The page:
A Fertle Farewell A Fertle Farewell chronicles the demise of the hamlet of Dumpster, Texas, population 12, a distant relative of Garrison Keillor's Lake Wobegon, but most definitely on the other side of the railroad tracks. But the chance of revival may be in the works when an executive from Brenham Records arrives in town, and the local band turns itself inside out in hopes of garnering a recording contract for its lead singer, Country Wayne Conway. Steve Farrell plays Wayne as well as several other characters, including a loser relative who drinks too much and hangs out under a box, but Wayne is the most endearing as a country swain who single-handedly keeps the town's motel in business. Apparently willing to sleep with a rock if it has a slot in it, he sings the heartfelt tribute "I Like Older Women." Vicki Farrell nails multiple roles and looks especially hot in her blond wig. Rich Mills fills out the cast as the visiting executive, as well as several locals, and reminded me of Jonathan Winters both in shape and talent. His pantomime of asking a girl out is a comedy classic by itself. Talent is the operative word here, as all three play musical instruments (Steve Farrell, apparently, an endless supply of them!) and are masters at quick changes, enhanced by body language. These are brilliant actors masquerading as rural folk, and playing their roles so convincingly that we heartily believe in their reality. The humor is not sophisticated, but there is plenty of it, and the evening is light-hearted and definitely musical. This is the final production of Radio Music Theatre, which is closing its doors after 26 years of captivating audiences. It's unlikely its kind will pass this way again, so regulars who have come to love Dumpster, Texas, will want to catch its farewell romp, and those who have yet to experience it will want to catch this unique excursion into the striving and conniving, the wiles and smiles, the pathos and the triumphs of the denizens of Dumpster — not your neighbors, exactly, but still recognizable enough that you might want to invite them to your next barbecue. Through April 30. 2623 Colquitt, 713-522-7722. — JT
An Inspector Calls Don't expect fireworks. But for the patient, a highly satisfactory evening can be passed watching J.B. Priestley's drawing room drama An Inspector Calls, here set in a formal dining room. The plot is a series of revelations revolving around the closely knit, though quarrelsome, Birling family. The plot is thin to the point of being nonexistent, but things pick up, after a slow beginning filled with exposition, when a police inspector arrives to ask questions regarding a young woman who had committed suicide nearby. The good news is that the director, Jeannette Clift George, has created a smoothly functioning ensemble of actors, with a real sense of family, a feeling that these people live with and know each other all too well. I wish Lee Walker were a bit more authoritative as Arthur Birling, patriarch and captain of industry, but he is effective, and I especially admired Sarah Cooksey as the matriarch and Abby Bergstrom as the Birling daughter, whose blunt, dry observations generate appropriate laughs in Act Two. Jason Hatcher rounds out the family as the errant son, in a largely thankless role, since he has little to do in Act One except to drink too much port, look sullen and interrupt. Soon to join the family, by wedding the daughter, and displaying the smugness and hypocrisy of the English moneyed class, is Gerald Croft, played by Chip Simmons. The outsider is Inspector Goole, and Marty Blair makes his taciturn questioning and shift of tone credible. We can see why the Birling family would tell him, well, far too much. The audience anticipates some of the more predictable events, but the ending brings a few twists and surprises that pay off well. There is a curious out-of-character speech Inspector Goole is compelled to deliver before he exits, in which a socially conscious message is awkwardly shoehorned in — no one will ever accuse Priestley of subtlety. Through April 3, A.D. Players Theater, 2710 W. Alabama, 713-526-2721. — JT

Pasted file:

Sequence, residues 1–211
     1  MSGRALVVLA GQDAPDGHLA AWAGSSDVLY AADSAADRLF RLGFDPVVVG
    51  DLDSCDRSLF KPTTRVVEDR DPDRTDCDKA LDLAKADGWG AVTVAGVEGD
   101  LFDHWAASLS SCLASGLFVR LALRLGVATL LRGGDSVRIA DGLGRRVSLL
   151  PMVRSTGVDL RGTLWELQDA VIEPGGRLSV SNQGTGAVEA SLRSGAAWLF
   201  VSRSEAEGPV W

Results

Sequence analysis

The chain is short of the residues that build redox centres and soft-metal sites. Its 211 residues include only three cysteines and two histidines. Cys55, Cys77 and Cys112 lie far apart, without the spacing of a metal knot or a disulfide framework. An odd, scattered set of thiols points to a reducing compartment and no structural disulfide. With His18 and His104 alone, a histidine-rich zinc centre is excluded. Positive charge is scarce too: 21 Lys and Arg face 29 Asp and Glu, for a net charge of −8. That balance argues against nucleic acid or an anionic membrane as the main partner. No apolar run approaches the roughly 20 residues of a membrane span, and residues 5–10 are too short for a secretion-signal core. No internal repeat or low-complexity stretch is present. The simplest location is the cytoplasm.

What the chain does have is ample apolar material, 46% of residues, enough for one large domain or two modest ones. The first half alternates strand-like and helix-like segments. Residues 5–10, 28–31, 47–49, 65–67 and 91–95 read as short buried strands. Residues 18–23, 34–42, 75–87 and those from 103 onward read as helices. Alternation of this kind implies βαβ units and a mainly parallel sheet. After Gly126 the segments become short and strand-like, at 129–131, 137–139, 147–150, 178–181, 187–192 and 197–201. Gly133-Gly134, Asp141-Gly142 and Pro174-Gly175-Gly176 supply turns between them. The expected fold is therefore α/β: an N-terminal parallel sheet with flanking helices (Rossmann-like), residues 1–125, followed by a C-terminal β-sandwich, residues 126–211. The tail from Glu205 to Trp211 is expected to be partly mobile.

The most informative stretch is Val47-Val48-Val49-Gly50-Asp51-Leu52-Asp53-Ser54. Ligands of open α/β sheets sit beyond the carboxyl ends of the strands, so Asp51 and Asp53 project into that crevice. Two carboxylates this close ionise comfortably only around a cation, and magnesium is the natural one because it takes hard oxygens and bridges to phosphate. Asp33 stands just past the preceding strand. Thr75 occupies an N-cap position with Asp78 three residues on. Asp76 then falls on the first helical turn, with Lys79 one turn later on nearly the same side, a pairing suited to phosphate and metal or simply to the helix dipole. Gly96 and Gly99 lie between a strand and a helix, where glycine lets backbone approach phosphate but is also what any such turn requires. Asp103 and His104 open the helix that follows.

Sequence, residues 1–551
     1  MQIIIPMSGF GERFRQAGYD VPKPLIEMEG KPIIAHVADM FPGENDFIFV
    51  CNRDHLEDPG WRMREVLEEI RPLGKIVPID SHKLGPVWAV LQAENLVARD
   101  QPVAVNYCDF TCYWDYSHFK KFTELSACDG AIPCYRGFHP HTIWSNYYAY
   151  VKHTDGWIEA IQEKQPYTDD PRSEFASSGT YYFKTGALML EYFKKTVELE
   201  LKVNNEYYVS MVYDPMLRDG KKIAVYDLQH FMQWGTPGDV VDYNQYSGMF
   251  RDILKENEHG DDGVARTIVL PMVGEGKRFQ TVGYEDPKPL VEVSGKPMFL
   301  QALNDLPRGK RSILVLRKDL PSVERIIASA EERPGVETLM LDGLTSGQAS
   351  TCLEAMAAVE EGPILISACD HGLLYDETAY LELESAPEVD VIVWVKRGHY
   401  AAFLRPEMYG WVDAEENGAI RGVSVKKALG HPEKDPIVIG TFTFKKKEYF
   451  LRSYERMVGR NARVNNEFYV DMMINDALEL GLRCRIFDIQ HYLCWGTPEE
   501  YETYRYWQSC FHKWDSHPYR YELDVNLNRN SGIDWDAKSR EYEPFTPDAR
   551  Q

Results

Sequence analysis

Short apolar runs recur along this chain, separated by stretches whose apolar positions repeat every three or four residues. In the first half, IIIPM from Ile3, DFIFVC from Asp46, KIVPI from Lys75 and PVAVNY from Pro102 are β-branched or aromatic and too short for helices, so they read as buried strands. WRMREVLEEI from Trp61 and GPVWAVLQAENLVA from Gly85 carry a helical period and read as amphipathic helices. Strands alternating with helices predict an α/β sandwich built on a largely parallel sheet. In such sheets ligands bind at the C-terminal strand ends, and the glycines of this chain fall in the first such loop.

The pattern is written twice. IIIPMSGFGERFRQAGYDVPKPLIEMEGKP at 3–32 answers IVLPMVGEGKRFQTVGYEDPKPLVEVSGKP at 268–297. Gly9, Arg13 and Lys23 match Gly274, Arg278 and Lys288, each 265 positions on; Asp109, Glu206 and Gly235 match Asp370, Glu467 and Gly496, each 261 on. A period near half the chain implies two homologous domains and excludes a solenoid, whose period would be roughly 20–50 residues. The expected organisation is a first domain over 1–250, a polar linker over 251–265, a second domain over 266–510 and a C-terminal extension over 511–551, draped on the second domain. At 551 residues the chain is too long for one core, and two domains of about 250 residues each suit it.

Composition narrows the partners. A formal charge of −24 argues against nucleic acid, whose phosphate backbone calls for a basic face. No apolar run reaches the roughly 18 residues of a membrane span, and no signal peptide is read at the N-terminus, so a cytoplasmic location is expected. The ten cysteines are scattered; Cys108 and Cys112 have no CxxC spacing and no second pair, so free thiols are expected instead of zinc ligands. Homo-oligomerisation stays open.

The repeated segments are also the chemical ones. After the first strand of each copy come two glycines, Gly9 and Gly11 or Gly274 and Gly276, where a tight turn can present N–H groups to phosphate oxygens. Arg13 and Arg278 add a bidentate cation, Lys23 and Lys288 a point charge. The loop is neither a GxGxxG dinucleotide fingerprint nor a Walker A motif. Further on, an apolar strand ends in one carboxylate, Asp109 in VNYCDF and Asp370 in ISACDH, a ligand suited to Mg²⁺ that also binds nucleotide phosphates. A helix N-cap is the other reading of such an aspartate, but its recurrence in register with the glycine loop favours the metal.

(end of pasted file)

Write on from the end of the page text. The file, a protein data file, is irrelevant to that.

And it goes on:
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Shards of Love Shards of Love, eight short plays by Paulette MacDougal, illustrates how a playwright with imagination and heart, a talented cast and a dedicated theater can remind us that humor, love and understanding are not in short supply, at least in mature relationships. Seldom have the benefits of age been better illustrated than in these charming, insightful vignettes, in their Houston premiere at Theatre Suburbia. Each features a couple with a problem, with the program moving in chronological order from characters in their twenties to their nineties. The "20's" shows us a stridently mismatched bride and groom in a private talk just before the vows are to be taken. There are several amusing surprises, though the bride shouting her lines is an irritant. The "30's" involves a vegetarian's conflict with hunting, and the "40's" introduces us to a couple married for 15 years, who have found both the perfect house and a major gap in their ability to communicate. The "50's" features a body-conscious woman and her patient husband, played by John Wright with an engaging, wry wistfulness. The evening gets into high gear in the "60's," with Susan O'Connor as an endearing, spunky blond widow getting ready to enjoy some traveling; she's visited by the ghost of her solicitous husband, played by Michael Steinbach with charm and style. We see here a love that can survive the grave, yet without a trace of sentimentality. The "70's" charts a loving, longtime couple with a shared secret. The "80's" wins our hearts, with Jack Dunlop giving an admirable performance as a persistent swain, despite his age, in pursuit of a new acquaintance, portrayed with sensitivity and grace by Marylynn Coryell. And the "90's" gives us a couple who want to prove to a son that they can take care of themselves outside a nursing home. Kenn Cullinane is the husband, Bobbie Giachini the wife, and their talented performances are authentic and arresting. Their movements were so well-staged that credit must be shared with the director of this portion of the evening, Lee Raymond, who also directed the highly effective "60's" play. Kudos as well to Rebecca Pipas Seabrook, who directed the "50's" and "80's" plays, bringing the playwright's vision to vibrant life. Both are here making their directorial debut, which bodes well for Houston theater. Do yourself a favor and go see Shards of Love — you will love it. Through March 26. 4106 Way Out West Dr., 713-682-3525. — JT